A snapshot in time
August 16, 2022
It occurred to me, after attending a class reunion this weekend, that somehow I’m pretty certain I’ve managed to attend all of the ones for my high school class.
I suppose that’s not really a surprise, after all I was Editor of our yearbook my Senior year and have always had a keen interest in people’s stories. Attending a reunion is simply a continuation of those stories; an opportunity to get a snapshot every few years of those who were a part of the early years of our lives.
Before I go much further, however, I know all my regular readers will be glad to learn that the Infallible Wikipedia has a page for the topic ‘class reunion’ as follows:
“A class reunion is a meeting of former classmates, often organized at or near their former high school or college by one or more class members. It is scheduled near an anniversary of their graduation, e.g. every 5 or 10 years. Their teachers and administrators may also be invited. Those attending reminisce about their student days and bring one another up to date on what has happened since they last met.”
But I don’t think the Infallible Wikipedia’s description does the topic justice. So I started thinking about my Eisenhower High School reunions through the years. At our ten year reunion – the first one we had – there were easily a couple hundred who attended. Our venue was one of the buildings at the Central Washington State Fair Grounds and, besides a dinner and dancing, included a photographer who was taking photos which could be purchased.
At the time, the hubby and I were DINKY’s (back in the 1980’s a DINKY stood for Double Income No Kids Yet). The snapshot of that night was one of people in their late 20’s, still trying to figure out their place in the world. Some had children and, although I did not, I can still see the look of complete exhaustion on the faces of those women. But I didn’t yet understand what that was like, as careers were everything in my world that reunion. At ten years, there was a weird game of one-upmanship still in play.
Truly, few of us had yet experienced some of life’s harder lessons. Perhaps the most sobering aspect of the 10 year reunion was the short list of those with whom we had graduated but who had already left this earth.
Fast forward five years, and the organizers (we have been blessed to have a team of, primarily, women who have made all of these happen!) planned a half decade reunion. This one, held in the early fall, included attending a home football game on Friday night and a picnic on Saturday.
Now, as a mother with an 8 month old baby, I left my son with the most reliable babysitters in the universe, his grandparents, and headed out to the stadium. Partway through the game, I look down from the bleachers only to see my Dad standing below motioning at me. My night out was over!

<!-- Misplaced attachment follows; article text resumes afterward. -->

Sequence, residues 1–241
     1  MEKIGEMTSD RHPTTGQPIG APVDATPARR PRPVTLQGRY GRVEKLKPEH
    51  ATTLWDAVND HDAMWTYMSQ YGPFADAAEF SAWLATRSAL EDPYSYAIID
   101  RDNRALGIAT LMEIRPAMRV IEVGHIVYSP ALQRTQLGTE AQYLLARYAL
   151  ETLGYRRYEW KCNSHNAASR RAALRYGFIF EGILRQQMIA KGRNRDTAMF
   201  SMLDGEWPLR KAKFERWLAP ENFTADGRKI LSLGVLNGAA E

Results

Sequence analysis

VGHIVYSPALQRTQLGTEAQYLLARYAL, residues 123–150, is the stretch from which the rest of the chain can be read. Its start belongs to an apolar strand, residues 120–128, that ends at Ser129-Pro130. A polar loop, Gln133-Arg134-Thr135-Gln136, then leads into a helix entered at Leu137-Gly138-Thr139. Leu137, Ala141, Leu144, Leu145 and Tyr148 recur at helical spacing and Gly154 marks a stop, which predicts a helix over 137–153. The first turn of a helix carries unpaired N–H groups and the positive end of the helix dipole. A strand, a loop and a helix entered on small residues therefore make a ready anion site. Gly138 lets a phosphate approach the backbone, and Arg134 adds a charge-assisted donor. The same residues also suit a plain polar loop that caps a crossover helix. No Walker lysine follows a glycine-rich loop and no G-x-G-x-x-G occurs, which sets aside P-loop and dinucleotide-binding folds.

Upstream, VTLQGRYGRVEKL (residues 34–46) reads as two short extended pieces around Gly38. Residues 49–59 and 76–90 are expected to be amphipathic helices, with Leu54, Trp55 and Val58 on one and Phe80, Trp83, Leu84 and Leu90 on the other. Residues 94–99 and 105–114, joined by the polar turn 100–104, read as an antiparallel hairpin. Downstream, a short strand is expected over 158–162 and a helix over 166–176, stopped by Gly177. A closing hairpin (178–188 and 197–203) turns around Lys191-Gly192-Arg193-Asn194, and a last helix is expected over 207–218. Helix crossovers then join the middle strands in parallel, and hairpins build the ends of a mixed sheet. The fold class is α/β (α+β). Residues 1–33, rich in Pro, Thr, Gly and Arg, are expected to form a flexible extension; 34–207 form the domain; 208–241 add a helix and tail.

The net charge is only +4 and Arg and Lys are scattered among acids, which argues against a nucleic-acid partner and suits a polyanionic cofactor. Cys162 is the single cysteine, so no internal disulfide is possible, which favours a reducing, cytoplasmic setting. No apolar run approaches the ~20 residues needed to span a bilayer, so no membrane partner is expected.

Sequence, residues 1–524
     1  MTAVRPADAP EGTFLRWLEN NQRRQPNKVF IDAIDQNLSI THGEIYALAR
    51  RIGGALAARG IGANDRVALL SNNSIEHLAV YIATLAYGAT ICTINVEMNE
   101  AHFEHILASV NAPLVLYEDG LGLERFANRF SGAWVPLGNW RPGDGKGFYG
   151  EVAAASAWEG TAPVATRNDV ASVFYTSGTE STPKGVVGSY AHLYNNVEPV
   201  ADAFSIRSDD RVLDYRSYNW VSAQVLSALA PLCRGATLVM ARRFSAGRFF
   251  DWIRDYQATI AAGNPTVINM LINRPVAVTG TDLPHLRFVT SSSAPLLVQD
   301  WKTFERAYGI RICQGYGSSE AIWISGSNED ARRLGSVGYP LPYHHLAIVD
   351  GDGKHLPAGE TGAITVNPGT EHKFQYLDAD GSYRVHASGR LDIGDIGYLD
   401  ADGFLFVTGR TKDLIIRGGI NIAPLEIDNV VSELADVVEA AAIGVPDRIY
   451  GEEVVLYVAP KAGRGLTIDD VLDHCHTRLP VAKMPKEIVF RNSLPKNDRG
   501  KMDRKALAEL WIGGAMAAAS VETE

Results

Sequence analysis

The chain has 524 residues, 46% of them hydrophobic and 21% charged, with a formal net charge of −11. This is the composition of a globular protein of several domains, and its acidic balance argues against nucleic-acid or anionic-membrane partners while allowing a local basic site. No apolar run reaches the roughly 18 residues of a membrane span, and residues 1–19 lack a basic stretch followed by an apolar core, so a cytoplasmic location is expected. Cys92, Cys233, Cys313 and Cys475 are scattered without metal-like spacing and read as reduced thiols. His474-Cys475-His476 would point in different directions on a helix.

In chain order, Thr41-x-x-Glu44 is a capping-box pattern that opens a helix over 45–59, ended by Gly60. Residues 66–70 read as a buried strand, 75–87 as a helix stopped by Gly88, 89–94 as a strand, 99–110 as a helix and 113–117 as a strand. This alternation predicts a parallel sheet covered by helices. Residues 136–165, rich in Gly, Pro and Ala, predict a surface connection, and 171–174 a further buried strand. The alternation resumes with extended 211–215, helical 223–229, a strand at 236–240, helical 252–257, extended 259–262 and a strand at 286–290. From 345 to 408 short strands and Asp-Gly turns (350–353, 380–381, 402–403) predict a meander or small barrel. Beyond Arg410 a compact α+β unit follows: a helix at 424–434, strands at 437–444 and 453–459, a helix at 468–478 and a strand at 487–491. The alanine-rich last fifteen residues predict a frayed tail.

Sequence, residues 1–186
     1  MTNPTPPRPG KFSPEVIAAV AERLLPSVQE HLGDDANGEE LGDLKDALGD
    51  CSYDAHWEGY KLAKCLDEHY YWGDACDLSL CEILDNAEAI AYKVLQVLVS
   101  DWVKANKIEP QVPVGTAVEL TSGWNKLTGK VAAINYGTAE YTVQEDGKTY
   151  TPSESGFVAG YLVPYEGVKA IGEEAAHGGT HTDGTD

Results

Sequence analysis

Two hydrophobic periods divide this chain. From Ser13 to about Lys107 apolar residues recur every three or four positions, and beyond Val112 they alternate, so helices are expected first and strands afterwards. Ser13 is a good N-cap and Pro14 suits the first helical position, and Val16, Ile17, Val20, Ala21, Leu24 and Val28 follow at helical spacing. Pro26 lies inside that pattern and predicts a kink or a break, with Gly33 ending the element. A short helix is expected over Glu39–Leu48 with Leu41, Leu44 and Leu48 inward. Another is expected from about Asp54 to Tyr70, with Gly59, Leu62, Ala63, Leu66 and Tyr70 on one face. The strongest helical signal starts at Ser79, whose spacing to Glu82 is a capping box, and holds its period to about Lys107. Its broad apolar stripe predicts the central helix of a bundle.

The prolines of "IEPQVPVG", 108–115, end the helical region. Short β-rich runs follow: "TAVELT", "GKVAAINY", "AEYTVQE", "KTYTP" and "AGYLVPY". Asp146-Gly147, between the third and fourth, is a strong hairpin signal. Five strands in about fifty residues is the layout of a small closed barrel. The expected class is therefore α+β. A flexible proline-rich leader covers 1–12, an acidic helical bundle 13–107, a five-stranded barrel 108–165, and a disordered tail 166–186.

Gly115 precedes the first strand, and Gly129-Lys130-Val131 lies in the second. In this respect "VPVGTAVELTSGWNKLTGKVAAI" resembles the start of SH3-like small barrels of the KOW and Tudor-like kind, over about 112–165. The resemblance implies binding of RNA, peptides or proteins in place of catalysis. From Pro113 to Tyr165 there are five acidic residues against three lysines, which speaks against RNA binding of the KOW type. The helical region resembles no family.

The next day, my not yet walking son and I attended the picnic and enjoyed the more casual setting and smaller numbers, getting advice from experienced moms and meeting many of their children also.
Year twenty the reunion was held in a big outdoor tent at a country club. At the ten and the 20 year reunions, A “tell us about your life” booklet had been produced and by year 20, the cliques and the labels of high school had started to blur.
One of my favorite snapshot moments was when I was talking to another girl when one of the guys from our class came over to talk to her. Still standing there and feeling a bit like a third wheel, there was suddenly a lull in the conversation and I blurted out to the guy, who we will call Adam, “I had the worst crush on you in Junior High.” I seem to recall he choked on his drink and nearly spit it out.
Onward the years have marched. Our group celebrated with a 35 and also a 40 and then, in 2020, a planned 45 year reunion was sidetracked.
Two years passed but our fearless organizers pressed on and proclaimed that 2022 would be our “Medicare Reunion.”
Suddenly, all those 17 and 18 year old kids I attended high school with were starting to retire. Most everyone had lost one or both parents; more names have been added to the dreaded ‘list’; there have been triumphs and disappointments; incredible joy and devastating sorrow; the loss of siblings; the loss of spouses; the loss of children. The cliques and labels have disappeared and what’s left are people who can simply enjoy a few hours of telling their stories and hearing other’s stories.
It’s the context which matters. These are the people who shared beginnings either in elementary school, junior high, or high school. When we look at each other we can remember the person and how they looked then. We can see past the wrinkles and gray hair. Their essence is still very much the same but is, I think, tempered by the experiences of life. We are kinder and more forgiving.
One of my classmates – who traveled from California for the event – said it best. My apologies for the paraphrase: It’s about the people and making connections with each other. And it’s important.
Time – and Covid – have taught us all these things and can be summed up in my favorite Latin phrase: Carpe Diem.
So the next time your high school or college, sorority or fraternity, or any other group you’ve belonged to, plans a reunion, Go. Go and connect with the people who knew you ‘when.’ Laugh. Cry. Enjoy. Hug. And be sure to tell them how much you appreciate them having been a part of your life.